We went to the listening party for 'A Better Tomorrow' and got dining advice from U-God. Plus, listen to a new song, "Ruckus in B Minor."
RZA / Photos by Kyle Kramer
Last night, Noisey editors Kyle Kramer and Drew Millard fulfilled their high school fantasies as enormous Wu-Tang Clan fans and found their way into a small listening party for the new Wu-Tang Clan album, A Better Tomorrow, at Quad Studios in Times Square. These are their impressions, along with the tracklist and more information about the album.
Kyle: I’m still full from our trip to the Times Square Red Lobster last night after the listening party. How are you doing?
Drew: I’m pretty sure Red Lobster cooks literally everything they serve in a vat of butter. Maybe the lobsters are even swimming in butter. At 25, I am definitely too old to binge eat at chain restaurants without any consequences. But when you’re casually making small talk with U-God and mention that you’re going to Olive Garden only to have U-God respond, “Fuck that! Go to Red Lobster!” you do it. I would never let U-God down. If U-God told me to jump off a bridge, I’d do it. I once listened to a Hillside Scramblers album.
Kyle: Dude, I bought the U-God solo album Mr. Xcitement, which was so memorable I just had to Google what it was called. Its Wikipedia page shockingly says it went gold, but the RIAA database unsurprisingly does not confirm this. Shouts out to whoever edits U-God’s Wikipedia page.
Drew: Plot twist: U-God definitely edits his own Wikipedia page.
Left to right: Masta Killa, U-God, and RZA
Kyle: Anyway, last night U-God also wished us, the listeners, to “have a better tomorrow” and told us, you and me specifically, that he would have to perform the album live to know what his favorite track was. That’s our exclusive interview scoop. Our other exclusive interview scoop is that we talked to Masta Killa for a while and told him about our respective times at Wu-Tang live shows being our favorite live shows. He told us about getting everyone together to record the album, which was “difficult but not impossible,” that his favorite song was either “Felt” or “Miracle,” and that, besides RZA, he was probably the member who was around the most.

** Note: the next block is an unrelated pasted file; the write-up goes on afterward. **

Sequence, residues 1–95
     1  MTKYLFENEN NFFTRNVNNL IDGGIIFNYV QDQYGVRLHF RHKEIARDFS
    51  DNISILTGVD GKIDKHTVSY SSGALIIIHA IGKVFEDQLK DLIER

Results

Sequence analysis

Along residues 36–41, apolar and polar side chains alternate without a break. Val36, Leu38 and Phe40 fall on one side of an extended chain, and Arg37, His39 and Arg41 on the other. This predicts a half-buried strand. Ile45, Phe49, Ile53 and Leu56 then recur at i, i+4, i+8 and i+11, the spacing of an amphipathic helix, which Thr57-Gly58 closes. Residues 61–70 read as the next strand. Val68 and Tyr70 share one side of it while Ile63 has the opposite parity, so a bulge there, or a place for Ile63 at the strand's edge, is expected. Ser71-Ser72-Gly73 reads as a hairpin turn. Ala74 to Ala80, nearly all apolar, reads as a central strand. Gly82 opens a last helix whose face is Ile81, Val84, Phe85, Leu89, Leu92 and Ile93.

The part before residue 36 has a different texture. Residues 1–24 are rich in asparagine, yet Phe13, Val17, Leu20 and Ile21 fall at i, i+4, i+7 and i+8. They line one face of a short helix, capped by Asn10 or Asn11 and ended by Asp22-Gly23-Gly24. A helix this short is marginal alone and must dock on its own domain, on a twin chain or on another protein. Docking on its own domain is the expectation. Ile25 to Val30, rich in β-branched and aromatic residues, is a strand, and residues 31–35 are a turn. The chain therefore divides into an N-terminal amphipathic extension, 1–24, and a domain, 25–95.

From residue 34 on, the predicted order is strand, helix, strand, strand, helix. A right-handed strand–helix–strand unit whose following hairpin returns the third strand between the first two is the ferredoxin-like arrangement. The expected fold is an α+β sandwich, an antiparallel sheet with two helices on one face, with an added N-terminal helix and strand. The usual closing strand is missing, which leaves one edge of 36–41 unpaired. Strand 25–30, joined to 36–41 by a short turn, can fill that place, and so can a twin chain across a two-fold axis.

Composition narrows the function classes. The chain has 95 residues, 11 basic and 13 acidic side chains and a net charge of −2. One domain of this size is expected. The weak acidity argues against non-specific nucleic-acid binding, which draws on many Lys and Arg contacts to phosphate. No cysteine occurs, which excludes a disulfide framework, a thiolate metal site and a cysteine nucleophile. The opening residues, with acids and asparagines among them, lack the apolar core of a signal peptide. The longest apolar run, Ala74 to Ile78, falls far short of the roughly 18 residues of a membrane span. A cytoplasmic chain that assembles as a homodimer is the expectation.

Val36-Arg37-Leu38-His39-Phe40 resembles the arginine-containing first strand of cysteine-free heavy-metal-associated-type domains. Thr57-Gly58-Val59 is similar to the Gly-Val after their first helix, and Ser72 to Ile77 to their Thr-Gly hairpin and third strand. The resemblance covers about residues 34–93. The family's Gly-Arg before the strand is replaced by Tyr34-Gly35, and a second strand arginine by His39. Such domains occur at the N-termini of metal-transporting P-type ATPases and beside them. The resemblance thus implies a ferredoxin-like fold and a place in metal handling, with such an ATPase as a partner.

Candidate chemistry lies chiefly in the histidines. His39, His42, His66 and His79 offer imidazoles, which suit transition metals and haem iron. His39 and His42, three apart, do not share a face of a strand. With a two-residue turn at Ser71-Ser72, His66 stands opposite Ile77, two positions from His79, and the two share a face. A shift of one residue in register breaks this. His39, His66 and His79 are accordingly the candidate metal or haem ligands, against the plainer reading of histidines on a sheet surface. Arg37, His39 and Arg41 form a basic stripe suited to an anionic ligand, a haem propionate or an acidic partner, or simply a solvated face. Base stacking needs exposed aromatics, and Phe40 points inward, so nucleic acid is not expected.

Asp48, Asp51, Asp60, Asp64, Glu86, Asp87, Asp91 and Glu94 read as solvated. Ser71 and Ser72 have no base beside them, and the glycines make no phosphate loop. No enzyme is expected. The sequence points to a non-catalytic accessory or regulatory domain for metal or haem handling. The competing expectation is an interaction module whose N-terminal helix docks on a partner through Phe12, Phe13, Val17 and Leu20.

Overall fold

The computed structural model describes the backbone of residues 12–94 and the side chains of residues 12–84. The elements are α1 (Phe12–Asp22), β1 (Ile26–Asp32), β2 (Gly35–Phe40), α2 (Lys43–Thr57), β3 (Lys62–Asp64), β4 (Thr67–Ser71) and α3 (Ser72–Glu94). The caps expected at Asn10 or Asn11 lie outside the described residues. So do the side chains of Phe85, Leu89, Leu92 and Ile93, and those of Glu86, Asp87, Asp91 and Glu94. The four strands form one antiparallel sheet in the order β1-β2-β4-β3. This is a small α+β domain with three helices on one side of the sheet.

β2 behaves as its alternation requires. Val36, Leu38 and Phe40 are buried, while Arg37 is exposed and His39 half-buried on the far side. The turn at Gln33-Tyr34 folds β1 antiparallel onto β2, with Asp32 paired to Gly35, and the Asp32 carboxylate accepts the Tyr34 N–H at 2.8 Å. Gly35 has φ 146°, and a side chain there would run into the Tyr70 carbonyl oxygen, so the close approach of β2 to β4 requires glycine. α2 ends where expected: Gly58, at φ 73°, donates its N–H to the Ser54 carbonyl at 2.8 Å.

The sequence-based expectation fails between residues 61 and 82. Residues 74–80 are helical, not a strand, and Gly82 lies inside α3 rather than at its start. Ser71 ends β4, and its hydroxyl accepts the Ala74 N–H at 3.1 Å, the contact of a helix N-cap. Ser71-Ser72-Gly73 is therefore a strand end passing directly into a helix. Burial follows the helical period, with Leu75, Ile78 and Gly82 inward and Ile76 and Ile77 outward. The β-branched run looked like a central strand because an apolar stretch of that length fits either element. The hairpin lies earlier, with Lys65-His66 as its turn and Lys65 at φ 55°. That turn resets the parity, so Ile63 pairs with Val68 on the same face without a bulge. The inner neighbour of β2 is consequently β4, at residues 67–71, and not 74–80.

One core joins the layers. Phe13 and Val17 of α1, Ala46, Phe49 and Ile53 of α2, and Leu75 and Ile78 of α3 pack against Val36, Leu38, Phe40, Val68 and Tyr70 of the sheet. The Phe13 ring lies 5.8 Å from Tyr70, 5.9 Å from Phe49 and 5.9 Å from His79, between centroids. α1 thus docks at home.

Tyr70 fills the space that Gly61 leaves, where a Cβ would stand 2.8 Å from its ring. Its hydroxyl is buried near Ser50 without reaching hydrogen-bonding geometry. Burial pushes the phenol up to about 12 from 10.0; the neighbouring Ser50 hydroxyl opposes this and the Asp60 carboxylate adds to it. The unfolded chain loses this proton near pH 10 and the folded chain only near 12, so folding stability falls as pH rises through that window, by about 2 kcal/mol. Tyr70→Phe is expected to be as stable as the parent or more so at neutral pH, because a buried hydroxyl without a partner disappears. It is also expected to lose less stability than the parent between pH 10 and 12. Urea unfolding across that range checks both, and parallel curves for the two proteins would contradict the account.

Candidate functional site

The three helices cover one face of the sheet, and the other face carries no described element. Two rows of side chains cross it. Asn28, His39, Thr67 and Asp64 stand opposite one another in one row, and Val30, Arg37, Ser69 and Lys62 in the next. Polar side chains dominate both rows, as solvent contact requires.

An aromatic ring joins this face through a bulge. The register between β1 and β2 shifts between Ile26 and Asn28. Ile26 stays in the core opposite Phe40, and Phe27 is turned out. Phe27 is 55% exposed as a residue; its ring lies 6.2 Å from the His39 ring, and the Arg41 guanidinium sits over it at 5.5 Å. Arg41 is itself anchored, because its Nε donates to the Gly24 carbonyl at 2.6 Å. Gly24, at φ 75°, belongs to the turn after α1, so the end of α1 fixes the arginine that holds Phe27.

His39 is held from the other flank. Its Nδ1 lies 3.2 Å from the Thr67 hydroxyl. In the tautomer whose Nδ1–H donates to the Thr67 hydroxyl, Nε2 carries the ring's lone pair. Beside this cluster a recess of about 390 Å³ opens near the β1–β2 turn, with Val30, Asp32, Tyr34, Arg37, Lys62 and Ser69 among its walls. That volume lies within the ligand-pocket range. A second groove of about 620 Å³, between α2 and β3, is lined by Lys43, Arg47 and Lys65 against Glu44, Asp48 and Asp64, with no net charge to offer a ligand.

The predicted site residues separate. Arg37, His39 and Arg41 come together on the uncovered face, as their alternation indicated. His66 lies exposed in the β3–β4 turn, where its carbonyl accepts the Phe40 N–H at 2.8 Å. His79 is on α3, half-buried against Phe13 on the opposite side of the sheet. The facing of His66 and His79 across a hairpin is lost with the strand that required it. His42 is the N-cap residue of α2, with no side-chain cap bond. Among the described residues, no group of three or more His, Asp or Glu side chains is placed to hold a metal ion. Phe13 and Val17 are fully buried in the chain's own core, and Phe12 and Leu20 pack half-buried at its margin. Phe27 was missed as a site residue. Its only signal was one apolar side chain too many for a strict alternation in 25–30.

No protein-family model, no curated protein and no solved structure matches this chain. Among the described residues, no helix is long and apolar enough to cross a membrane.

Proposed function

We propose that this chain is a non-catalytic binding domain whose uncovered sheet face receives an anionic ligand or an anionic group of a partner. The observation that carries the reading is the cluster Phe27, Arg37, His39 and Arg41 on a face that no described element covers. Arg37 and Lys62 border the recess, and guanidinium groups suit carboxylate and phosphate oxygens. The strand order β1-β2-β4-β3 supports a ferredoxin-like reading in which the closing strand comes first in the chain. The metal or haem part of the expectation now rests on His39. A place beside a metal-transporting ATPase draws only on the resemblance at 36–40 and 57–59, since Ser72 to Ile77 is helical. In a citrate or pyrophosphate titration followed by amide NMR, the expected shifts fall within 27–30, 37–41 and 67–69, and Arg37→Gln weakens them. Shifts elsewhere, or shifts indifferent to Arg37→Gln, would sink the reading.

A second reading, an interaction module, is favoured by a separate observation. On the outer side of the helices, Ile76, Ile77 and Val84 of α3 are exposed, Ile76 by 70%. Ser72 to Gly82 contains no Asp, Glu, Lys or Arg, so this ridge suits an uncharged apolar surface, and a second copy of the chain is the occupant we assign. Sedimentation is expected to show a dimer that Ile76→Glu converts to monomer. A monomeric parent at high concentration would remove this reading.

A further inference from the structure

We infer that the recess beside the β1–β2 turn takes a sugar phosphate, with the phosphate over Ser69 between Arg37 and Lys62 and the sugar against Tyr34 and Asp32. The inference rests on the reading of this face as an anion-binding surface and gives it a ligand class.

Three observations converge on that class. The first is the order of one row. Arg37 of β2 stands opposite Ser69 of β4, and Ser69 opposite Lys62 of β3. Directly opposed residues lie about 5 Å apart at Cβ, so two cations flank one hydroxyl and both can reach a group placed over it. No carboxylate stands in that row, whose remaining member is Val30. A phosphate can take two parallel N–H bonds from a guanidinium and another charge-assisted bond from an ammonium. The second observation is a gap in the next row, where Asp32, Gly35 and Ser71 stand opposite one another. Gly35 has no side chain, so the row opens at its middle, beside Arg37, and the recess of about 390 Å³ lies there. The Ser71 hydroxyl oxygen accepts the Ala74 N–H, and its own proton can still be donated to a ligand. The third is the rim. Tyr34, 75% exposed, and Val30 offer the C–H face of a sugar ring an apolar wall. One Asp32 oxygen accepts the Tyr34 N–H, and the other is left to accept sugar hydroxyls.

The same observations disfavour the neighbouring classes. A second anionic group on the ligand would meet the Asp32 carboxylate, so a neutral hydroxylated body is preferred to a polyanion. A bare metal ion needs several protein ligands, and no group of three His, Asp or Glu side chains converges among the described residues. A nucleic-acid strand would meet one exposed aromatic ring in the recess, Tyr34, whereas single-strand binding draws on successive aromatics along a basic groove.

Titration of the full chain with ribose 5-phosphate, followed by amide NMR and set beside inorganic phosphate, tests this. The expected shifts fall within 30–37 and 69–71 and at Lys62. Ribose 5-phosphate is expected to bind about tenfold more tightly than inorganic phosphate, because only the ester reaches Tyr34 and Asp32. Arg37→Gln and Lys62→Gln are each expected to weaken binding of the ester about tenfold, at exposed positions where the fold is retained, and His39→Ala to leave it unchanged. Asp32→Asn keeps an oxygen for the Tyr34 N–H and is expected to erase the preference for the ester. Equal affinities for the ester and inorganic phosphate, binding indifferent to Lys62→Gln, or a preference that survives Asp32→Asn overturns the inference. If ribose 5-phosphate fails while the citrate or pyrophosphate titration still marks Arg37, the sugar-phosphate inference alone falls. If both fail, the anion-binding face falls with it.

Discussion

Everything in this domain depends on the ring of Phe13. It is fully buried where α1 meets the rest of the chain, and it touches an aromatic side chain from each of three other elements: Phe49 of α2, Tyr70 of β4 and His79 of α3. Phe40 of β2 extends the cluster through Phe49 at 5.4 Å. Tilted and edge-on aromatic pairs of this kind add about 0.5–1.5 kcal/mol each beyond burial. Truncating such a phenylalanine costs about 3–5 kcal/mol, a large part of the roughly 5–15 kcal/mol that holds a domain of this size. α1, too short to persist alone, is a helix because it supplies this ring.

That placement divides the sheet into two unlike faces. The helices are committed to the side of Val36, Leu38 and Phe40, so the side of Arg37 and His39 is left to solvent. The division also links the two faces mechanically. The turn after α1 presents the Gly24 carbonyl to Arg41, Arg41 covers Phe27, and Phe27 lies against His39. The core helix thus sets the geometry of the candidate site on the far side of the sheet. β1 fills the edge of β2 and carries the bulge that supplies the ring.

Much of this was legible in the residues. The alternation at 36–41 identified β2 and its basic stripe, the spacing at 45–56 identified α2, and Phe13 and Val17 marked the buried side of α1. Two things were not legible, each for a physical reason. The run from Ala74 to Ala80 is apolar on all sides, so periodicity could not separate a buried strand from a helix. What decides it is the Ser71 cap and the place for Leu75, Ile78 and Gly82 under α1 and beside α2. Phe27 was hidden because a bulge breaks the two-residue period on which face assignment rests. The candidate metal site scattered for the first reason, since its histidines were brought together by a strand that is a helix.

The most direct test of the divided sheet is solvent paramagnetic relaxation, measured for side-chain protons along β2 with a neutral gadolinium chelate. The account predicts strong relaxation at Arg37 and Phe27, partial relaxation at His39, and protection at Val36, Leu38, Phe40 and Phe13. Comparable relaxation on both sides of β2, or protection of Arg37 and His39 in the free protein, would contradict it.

Drew: The other exclusive interview scoop is that Masta Killa has family in South Carolina. Also, RZA tapped me on the shoulder and said, “What up, kid,” to which I said, “Hi RZA!” like an idiot as he walked past me and spaghetti burst out of my pockets.
Kyle: In my notes I wrote that you looked like a muppet because your mouth was open in shock.
Drew: Anyway, I think we should discuss the actual sound of the record. My theory is that this is sort of Wu-Tang’s play to establish themselves as festival headliners. They’re absolutely incredible live, and if OutKast can headline every single festival in America, then god damn it, so should Wu-Tang. By releasing an album, they’re basically saying, “Hey, we still exist, we are worth caring about, and this is a cohesive document that proves we’re all on the same page. Can we headline Coachella now?”
Kyle: Even though they rule, I’m not entirely sure Wu-Tang Clan will ever be quite to the pop level of headlining Coachella—they played a couple festivals as second-tier headliners this past summer—but this album is definitely something that will shore up their base. There’s a part on “Pioneer the Frontier” where GZA (I think—except for the final few tracks, when I was in the control room, it was hard to make out voices) raps “this is what y'all wanted back / classic Wu, RZA track,” which I think is spot-on. Wu-Tang is for the children, but it is mostly for the adults who are nostalgic and who just want a solid, gimmick-free rap album and who thought 8 Diagrams was too experimental (personally, that’s probably my favorite Wu album after 36 Chambers, but I know that's an unpopular opinion).